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Relentless demand for ivory dramatically diminished African elephant (Loxodonta africana) populations.As early as the mid-seventeenth century, elephants were extinct along the West African coast, forcing hunting and trade caravans further and further inland in search of ivory.
Scenes commonly portrayed in relief on the ivories capture the dynamic and cosmopolitan coastal activity related to the transatlantic trade.
By the eighteenth and nineteenth century, industrial demand for ivory increased for the mass production of such items as combs, piano keys, billiard balls, handles for knives, tools, hand mirrors, and various decorative objects and trimmings, as well as scientific measures and instruments.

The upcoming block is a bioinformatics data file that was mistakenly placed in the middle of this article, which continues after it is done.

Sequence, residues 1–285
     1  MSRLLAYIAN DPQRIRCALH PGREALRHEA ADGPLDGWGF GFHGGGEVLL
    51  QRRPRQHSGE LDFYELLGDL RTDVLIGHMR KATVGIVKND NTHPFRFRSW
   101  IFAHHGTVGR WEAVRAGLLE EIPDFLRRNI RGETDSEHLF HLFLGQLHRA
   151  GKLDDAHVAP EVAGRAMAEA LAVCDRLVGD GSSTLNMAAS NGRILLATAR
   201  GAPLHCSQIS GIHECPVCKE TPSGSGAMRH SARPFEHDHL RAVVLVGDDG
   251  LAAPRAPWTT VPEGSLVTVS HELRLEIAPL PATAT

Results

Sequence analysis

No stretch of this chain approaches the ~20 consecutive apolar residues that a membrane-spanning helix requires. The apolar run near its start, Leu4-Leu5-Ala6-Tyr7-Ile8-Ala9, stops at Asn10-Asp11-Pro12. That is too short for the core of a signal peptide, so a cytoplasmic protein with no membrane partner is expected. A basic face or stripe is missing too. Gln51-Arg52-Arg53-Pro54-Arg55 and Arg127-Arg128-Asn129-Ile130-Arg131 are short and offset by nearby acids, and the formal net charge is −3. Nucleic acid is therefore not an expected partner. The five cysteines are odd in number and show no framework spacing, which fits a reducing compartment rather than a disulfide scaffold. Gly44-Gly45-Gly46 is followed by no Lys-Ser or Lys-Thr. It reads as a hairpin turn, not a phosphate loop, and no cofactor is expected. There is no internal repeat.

Ivory figurative scepters (nkama ntinu) were among an array of artworks created as emblems of royal and chiefly authority (1978.412.657).
Although Asian elephants (Elephas maximus) also grow ivory tusks, their tusks are much smaller than those grown by African elephants and are only evident on male elephants.
The tremendous size of African elephant tusks, at as large as about 225 lbs.